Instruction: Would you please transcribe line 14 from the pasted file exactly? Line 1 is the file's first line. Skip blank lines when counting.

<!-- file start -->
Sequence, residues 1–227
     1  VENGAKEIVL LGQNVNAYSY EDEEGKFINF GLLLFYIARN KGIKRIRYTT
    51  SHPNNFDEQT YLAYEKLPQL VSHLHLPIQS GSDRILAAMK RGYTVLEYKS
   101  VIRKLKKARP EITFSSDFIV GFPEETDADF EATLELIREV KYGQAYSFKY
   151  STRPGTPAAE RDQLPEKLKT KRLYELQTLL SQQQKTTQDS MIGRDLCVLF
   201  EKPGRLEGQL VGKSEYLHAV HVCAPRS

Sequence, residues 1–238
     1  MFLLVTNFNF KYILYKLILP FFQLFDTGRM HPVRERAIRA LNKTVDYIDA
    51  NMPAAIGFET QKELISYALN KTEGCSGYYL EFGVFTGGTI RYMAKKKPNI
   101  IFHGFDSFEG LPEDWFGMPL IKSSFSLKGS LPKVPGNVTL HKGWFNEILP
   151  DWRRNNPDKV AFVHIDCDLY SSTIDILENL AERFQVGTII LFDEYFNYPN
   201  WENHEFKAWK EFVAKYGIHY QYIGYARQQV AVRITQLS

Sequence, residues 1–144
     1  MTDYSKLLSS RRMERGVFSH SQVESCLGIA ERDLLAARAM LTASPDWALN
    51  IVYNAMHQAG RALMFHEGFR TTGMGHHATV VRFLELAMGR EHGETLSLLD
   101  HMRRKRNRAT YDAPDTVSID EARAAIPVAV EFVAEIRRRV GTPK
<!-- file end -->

     1  MTDYSKLLSS RRMERGVFSH SQVESCLGIA ERDLLAARAM LTASPDWALN